The old commercial section of the city encompasses the peninsula on three sides, following the River Wear. The peninsula was historically surrounded by the castle wall extending from the castle keep and broken by two gatehouses to the north and west of the enclosure. After extensive remodelling and "much beautification" by the Victorians the walls were removed with the exception of the gatehouse which is still standing on the Bailey.
The medieval city was made up of the cathedral, castle and administrative buildings on the peninsula. The outlying areas were known as the townships and owned by the bishop the most famous of these being Gilesgate (which still contains the mediaeval St Giles Church), Claypath and Elvet.
The outlying commercial section of the city, especially around the North Road area, saw much change in the 1960s during a redevelopment spearheaded by Durham City Council, however, much of the original mediaeval street plan remains intact in the area close to the cathedral and market place. Most of the mediaeval buildings in the commercial area of the city have disappeared apart from the House of Correction and the Chapel of Saint Andrew, both under Elvet Bridge. Georgian buildings can still be found on the Bailey and Old Elvet most of which make up the colleges of Durham University.

Climate
Like the rest of the United Kingdom, Durham has a temperate climate. At 643.3 millimetres (25 in) the average annual rainfall is lower than the national average of 1,125 millimetres (44 in). Equally there are only around 121.3 days where more than 1 millimetre (0.04 in) of rain falls compared with a national average of 154.4 days. The area sees on average 1374.6 hours of sunshine per year, compared with a national average of 1125.0 hours. There is an air frost on 52 days compared with a national average of 55.6 days. Average daily maximum and minimum temperatures are 12.5 °C (54.5 °F) and 5.2 °C (41.4 °F) compared with a national averages of 12.1 °C (53.8 °F) and 5.1 °C (41.2 °F) respectively.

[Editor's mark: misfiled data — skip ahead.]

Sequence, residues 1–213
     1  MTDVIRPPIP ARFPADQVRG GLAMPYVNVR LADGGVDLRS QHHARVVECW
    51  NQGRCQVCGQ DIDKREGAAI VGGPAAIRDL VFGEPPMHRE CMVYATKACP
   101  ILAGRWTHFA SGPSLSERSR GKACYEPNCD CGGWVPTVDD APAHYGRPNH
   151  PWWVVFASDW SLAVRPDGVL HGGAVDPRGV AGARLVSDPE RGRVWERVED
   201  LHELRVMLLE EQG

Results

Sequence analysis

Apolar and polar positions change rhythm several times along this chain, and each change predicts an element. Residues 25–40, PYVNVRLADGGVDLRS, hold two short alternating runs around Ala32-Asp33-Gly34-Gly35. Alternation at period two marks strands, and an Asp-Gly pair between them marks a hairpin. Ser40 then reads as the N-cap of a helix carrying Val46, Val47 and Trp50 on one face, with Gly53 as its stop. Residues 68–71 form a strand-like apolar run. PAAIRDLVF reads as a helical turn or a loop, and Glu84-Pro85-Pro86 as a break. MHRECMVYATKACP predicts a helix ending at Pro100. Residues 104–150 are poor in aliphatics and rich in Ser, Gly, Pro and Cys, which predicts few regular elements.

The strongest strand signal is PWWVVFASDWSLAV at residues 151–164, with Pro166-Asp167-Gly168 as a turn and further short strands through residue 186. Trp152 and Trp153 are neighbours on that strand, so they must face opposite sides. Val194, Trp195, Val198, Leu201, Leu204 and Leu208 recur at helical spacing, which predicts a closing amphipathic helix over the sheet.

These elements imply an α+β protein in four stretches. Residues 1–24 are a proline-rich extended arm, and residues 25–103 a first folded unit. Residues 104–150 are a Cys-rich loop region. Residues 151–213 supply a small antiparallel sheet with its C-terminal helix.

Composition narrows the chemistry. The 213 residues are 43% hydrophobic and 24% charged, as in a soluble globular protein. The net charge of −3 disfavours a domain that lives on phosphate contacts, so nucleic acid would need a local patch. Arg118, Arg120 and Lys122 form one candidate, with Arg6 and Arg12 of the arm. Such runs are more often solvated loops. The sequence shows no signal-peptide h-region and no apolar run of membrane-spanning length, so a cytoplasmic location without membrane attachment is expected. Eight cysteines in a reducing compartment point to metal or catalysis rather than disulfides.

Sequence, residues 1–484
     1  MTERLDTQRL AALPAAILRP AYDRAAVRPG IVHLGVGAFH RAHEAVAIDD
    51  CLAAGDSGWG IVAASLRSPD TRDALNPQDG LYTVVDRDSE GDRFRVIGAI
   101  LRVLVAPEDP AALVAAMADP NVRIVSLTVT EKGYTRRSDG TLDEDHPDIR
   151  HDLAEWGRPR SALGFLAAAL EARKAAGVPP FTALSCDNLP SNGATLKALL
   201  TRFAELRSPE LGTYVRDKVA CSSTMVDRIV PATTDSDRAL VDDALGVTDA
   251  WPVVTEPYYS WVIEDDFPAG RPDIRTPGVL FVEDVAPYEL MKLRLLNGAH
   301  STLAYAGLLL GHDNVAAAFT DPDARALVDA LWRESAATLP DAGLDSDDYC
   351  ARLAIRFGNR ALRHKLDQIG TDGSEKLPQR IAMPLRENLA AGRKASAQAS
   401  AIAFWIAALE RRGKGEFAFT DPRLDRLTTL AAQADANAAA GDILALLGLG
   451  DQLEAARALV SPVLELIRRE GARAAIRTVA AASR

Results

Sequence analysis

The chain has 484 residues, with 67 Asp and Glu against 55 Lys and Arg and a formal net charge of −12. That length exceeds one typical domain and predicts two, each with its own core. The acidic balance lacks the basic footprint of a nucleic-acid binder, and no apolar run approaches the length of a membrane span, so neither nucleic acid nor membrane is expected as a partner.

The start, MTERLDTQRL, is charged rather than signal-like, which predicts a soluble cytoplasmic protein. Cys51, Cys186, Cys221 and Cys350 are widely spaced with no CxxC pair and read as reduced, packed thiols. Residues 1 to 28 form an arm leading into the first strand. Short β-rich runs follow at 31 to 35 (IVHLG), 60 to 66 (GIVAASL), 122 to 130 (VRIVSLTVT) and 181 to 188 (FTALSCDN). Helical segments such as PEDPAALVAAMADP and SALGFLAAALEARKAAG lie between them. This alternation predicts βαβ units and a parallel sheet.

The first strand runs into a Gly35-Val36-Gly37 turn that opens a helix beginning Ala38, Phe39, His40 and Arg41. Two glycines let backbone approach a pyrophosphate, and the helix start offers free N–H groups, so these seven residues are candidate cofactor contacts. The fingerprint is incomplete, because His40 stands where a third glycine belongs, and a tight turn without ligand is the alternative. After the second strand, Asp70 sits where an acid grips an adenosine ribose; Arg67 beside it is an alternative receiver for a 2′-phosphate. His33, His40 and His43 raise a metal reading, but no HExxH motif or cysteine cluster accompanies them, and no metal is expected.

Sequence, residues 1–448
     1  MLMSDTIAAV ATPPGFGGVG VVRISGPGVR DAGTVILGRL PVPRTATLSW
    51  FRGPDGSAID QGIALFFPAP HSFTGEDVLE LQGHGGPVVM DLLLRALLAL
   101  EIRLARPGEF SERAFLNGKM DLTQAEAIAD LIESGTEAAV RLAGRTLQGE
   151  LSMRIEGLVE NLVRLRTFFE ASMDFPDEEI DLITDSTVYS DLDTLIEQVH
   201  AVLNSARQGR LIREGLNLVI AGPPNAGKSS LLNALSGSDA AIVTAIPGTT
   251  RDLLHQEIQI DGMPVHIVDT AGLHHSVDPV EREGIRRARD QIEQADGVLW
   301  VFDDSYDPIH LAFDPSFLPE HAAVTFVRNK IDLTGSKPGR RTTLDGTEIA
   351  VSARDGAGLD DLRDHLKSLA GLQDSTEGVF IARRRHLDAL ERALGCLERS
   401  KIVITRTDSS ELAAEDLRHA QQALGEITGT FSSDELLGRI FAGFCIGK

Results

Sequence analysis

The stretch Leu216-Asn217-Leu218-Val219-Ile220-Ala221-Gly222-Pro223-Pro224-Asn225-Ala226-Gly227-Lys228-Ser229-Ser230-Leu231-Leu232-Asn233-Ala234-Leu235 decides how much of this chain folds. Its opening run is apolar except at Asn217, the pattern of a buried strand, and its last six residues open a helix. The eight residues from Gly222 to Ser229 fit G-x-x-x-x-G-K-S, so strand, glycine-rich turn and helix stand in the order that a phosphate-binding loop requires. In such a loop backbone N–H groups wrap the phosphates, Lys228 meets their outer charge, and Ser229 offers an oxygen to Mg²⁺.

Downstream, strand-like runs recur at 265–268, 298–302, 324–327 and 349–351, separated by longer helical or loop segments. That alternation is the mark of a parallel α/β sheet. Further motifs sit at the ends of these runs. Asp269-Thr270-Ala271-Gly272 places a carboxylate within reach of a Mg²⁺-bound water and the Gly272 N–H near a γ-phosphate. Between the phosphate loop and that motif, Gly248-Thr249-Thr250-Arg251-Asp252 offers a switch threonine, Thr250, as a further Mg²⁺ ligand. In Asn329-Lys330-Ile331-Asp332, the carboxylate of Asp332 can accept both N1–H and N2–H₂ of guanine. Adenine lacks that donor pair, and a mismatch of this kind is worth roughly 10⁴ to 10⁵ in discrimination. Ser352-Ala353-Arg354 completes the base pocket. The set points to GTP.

Durham Cathedral


Durham Cathedral from Elvet


The Cathedral Church of Christ, Blessed Mary the Virgin and St Cuthbert of Durham, commonly referred to as Durham Cathedral was founded in its present form in AD 1093 and remains a centre for Christian worship today. It is generally regarded as one of the finest examples of a Norman cathedral in Europe and has been designated a UNESCO World Heritage Site along with nearby Durham Castle, which faces it across Palace Green, high above the River Wear.
The Cathedral houses the shrine and related treasures of Cuthbert of Lindisfarne, and these are on public view. It is also home to the head of St Oswald of Northumbria and the remains of the Venerable Bede.


Durham Castle


Durham Castle, view of the keep


The Castle was originally built in the eleventh century as a projection of the Norman power in the north of England, as the population of England in the north remained rebellious following the disruption of the Norman Conquest in 1066. It is an excellent example of the early motte and bailey castles favoured by the Normans. The holder of the office of Bishop of Durham was appointed by the King to exercise royal authority on his behalf and the castle was the centre of his command.
It remained the Bishop's palace for the Bishops of Durham until the Bishop William Van Mildert made Bishop Auckland their primary residence. A founder of Durham University, Van Mildert gave the castle as accommodation for the institution's first college, University College. The castle was famed for its vast Great Hall, created by Bishop Antony Bek in the early fourteenth century. It was the largest Great Hall in Britain until Bishop Richard Foxe shortened it at the end of the Fifteenth century . However, it is still 14 m high and over 30 m long. The castle has been in continuous use for over 900 years and is the only castle in the United Kingdom never to have suffered a breach.